>> Rupert, Out. Rupert, No.>> A decision that could delight his critics for now. Rupert Murdoch's empire doesn't look like it will be expanding just yet. The British government ruling on Thursday that the billionaire media magnate's bid to takeover Sky needs further examination. His 21st Century Fox has offered 14.8 billion dollars for the 61% of Sky it does not already own.
But Britain's media minister Karen Bradley told Parliament on Thursday that regulators raised concerns the take-over could give the Australian-born businessman's family trust too much control over the British media.>> This potentially raises public interest concerns because in Ofcom's view, the transaction may increase members of the Murdoch family trust's ability to influence the overall news agenda and their ability to influence the political process.
And it may also result in the perception of increased influence.>> As of 6 PM in London, satellite broadcasting hit the airwaves in the UK and Ireland.>> The Murdoch family has long-coveted full ownership of Sky, which it launched to great fanfare in 1989.>> And he says he has the cashflow to see it through.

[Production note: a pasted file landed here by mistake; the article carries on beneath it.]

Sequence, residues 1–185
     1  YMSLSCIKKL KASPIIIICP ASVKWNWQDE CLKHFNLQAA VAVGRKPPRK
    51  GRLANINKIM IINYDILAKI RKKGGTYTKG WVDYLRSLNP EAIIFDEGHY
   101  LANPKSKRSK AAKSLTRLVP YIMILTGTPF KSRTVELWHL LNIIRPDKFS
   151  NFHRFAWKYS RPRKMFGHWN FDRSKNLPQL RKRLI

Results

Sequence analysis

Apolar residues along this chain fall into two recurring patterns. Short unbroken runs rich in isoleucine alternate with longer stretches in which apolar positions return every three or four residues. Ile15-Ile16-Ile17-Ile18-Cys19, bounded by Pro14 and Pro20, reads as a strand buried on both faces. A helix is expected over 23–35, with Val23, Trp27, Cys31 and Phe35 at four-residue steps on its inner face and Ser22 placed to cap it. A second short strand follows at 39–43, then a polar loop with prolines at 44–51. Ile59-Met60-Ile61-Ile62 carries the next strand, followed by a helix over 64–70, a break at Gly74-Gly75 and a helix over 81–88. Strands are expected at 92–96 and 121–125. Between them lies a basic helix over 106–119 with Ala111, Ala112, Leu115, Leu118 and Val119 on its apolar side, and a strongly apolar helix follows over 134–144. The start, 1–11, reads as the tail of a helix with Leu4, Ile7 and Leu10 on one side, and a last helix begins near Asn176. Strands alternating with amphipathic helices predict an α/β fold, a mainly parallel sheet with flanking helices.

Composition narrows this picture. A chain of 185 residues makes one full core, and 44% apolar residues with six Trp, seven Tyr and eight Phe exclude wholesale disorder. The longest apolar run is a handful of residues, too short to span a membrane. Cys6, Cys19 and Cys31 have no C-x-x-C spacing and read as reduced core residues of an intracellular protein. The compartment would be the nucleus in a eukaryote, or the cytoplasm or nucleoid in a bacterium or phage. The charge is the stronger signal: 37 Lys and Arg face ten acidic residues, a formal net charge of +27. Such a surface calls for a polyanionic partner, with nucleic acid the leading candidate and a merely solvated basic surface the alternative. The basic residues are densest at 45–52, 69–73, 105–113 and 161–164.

>> But a previous attempt to take control failed after Murdoch's British newspaper business became embroiled in a scandal over phone hacking.>> This is the most humble day of my life.>> A subsequent public inquiry exposed closed ties between Murdoch and leading British politicians. That's why for this bit the UK government asked independent regulators, Ofcom, to assess its impact.
Ofcom examined whether the deal would give Fox too much control of the media and whether it would be committed to upholding broadcasting standards if it went ahead. It also examined the corporate culture at Fox. Ofcom said behaviors recently alleged that Fox News in the US, amount to significant corporate failures.
Sky's shares up to 3% on the announcement and a final decision will be made in July. But for the time being, Sky remains beyond the limit for Rupert Murdoch.